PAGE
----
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Pregnant and forced off the job

On Wednesday, the Supreme Court will hear an important pregnancy discrimination case.

BAY CITY, Michigan – Lauri Huffman Wolfe was six months pregnant – and terrified.

She had been fired from her job as a manager at Speedway, a gas station convenience store, because the company said the accommodations she required made her unfit for the job, and Wolfe refused to take unpaid leave before giving birth.

“I said, ‘You can’t do this. You can’t force me off my job because I’m pregnant,’” is how Wolfe recalled her conversation with a district manager. “I said there’s laws that protect this. He said, 'We do this all the time.'” 

Wolfe has filed a lawsuit against the company. A spokesman for Speedway said they don’t comment on pending litigation.

Just how the law protects women like Wolfe – whose discrimination lawsuit is pending in a federal appeals court -- will be before the Supreme Court on Wednesday. In Young v. UPS, the Supreme Court will consider whether the 1978 Pregnancy Discrimination Act requires employers to provide reasonable accommodations to pregnant workers.

University of Michigan law professor Samuel Bagenstos will argue a pregnancy discrimination case before the Supreme Court on Dec. 3, 2014.
University of Michigan law professor Samuel Bagenstos will argue a pregnancy discrimination case before the Supreme Court on Dec. 3, 2014.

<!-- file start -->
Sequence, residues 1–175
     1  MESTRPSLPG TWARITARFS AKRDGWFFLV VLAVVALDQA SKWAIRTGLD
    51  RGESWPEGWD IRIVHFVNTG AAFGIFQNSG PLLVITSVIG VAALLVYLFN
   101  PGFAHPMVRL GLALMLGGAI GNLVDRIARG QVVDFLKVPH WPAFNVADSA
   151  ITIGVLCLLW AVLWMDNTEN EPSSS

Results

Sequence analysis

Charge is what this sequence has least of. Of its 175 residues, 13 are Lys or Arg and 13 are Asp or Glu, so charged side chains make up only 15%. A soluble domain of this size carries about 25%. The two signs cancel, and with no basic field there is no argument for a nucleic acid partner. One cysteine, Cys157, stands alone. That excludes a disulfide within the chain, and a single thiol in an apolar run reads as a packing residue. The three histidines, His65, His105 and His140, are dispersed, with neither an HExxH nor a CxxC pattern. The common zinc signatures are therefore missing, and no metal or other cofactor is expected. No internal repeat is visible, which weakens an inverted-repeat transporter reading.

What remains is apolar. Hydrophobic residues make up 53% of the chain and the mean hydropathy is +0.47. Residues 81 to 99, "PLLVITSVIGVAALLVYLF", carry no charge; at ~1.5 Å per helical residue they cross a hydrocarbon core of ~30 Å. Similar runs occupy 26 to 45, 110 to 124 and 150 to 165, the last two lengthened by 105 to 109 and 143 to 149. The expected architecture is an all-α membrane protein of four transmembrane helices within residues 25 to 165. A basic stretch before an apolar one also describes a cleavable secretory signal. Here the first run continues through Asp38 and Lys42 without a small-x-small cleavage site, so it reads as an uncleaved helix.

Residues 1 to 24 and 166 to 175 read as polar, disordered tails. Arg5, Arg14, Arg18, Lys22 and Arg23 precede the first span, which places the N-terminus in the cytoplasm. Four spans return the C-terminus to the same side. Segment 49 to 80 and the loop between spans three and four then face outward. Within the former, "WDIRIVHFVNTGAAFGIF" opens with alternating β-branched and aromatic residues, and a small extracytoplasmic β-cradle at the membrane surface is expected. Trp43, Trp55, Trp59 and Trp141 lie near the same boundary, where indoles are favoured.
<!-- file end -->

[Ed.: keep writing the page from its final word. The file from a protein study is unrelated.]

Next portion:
“The whole point of the Pregnancy Discrimination Act is that nobody should have to choose between a pregnancy and a job,” said Samuel Bagenstos, a law professor at the University of Michigan. He represents Peggy Young, a driver for UPS who had to leave her job because the company wouldn't accommodate her temporary pregnancy restrictions.  “And yet many employers aren’t adhering to that rule.”

Lower courts have interpreted the act more narrowly, including in Young’s case. But Bagenstos argues that because UPS accommodated other workers, like injured and disabled ones, it had to do the same for pregnant ones. UPS has since changed its policies to accommodate pregnant workers. 

While this Supreme Court hasn’t exactly been friendly to workers’ rights, it’s an encouraging sign that the court took Young’s appeal. That may be because the case provides a rare occasion for bipartisan agreement, as seen by the unusual coalition of groups arguing in favor of Young in amicus briefs.

“Whether you’re prochoice or you’re anti-abortion, you should agree that women shouldn’t be forced to choose between having a job and continuing a pregnancy,” says Bagenstos. “That’s the choice a woman is put through if she is told her pregnancy isn’t being accommodated by her employer.”

The Young case could affect Wolfe's suit, since she said at least one other worker was accommodated when she was injured. Her lawsuit also alleges that the company abused the Family Medical Leave Act by trying to force her to take the unpaid, job-protected leave when she still had four months left in her pregnancy, instead of after giving birth as she preferred. After the leave term, the company wouldn't have been required to give her job back. 

In the meantime, the Wolfes are still reeling from the loss of her job. Her now-husband had already lost his job, and neither was immediately able to find another one. They had three kids to support. Eventually, they lost their home and had to move in with friends.

“No one deserves this,” Wolfe told msnbc. “We have the right to bring a baby into this world if we want. We have the right to work while we’re bringing a baby into this world.”